Given the fact that written science fiction encourages the
greatest possible free play of ideas, why is it that filmed science fiction
almost always seems required to be dumb, dumb, dumb? You can count on one hand
the recent s-f films that have contained truly challenging ideas: "2001,"
of course, and then "Silent Running," "Zardoz" (for its
story but not its ending), "Close Encounters of the Third Kind," and,
for certain of its scenes, "Alien." Certain other s-f movies have
redeemed themselves by sheer visual energy and high spirits; "Star
Wars" is the obvious example.
how, this late in the game, can we still get movies like "Saturn 3"?
Who paid for it? The credits name Lord Lew Grade and Elliott Kastner. They've
got a tidy little partnership over in England that's well enough financed to
chum out about a dozen international releases a year, some of them as good as
"The Muppet Movie," most of them as bad as "Saturn 3."
level of intelligence of the screenplay of "Saturn 3" is shockingly
low - the story is so dumb it would be laughed out of any junior high school
class in the country - and yet the movie was financed. Why? Why couldn't Lord
Grade and Kastner for once decide that since they'd committed themselves to
spend this money anyway, they had nothing to lose in financing a creative and intelligent
screenplay? Why do they feel compelled to support the lowest common
denominator, of filmmaking?
all right, then: How dumb is "Saturn 3"? 1 will give you an example.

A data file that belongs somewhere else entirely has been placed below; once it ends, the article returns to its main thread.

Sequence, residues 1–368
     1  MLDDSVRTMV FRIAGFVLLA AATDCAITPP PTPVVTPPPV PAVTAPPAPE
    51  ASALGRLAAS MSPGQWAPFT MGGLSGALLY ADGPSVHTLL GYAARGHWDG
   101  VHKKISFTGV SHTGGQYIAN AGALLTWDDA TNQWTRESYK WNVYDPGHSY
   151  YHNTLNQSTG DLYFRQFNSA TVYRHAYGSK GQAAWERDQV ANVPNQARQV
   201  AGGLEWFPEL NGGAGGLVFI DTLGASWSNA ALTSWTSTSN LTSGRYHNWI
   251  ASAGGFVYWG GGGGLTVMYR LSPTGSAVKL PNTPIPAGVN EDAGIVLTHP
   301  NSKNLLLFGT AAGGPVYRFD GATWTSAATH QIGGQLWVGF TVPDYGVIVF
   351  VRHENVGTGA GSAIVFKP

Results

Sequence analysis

The movie's about Kirk Douglas and Farrah Fawcett, who are the only two crew
members on Saturn 3, a space research station near Saturn. They have a visitor,
who is supposed to be a Captain James, but is really the evil Benson (Harvey
Keitel) who has killed James and replaced him for reasons of his own. Benson
has brought along a robot named Hector. And, toward the end of the movie,
Hector is chasing Kirk and Farrah.
what do they do? They remove the floor panels of the space station and cover
the hole with a flimsy material, so that when Hector steps on it, it'll
collapse, and Hector will fall through to the bitterly cold cauldron beneath.
We haven't seen this brilliant idea since Tarzan was putting stakes in the
bottoms of holes to catch elephants. And Tarzan, at least, would have been
bright enough to realize that if you make a hole in the floor of a space
station, your atmosphere will rush out explosively. How can they still get away
with disregarding all the elementary laws of physics in science fiction movies?
this movie's dumb in other ways, too. The love triangle between Douglas,
Fawcett and Keitel is so awkwardly and unbelievably handled that we are left in
stunned indifference. The purpose of Keitel's visit is left so unclear we can't
believe Douglas would accept it. The hostility of the robot is unexplained.
then there are dubious details like (a) the spaceship whizzes through the rocks
in the rings of Saturn without hitting any of them; (b) the space station is
rambling and spacious despite the fact that every square inch of construction
would be at an incredible premium millions of miles from Earth; (c) gravity is
the same as on Earth; (d) ... but never mind.
movie is awesomely stupid, totally implausible from a scientific viewpoint, and
a shameful waste of money. If Grade and Kastner intend to continue producing
films with standards this low, I think they ought instead, in simple fairness,
to simply give their money to filmmakers at random. The results couldn't be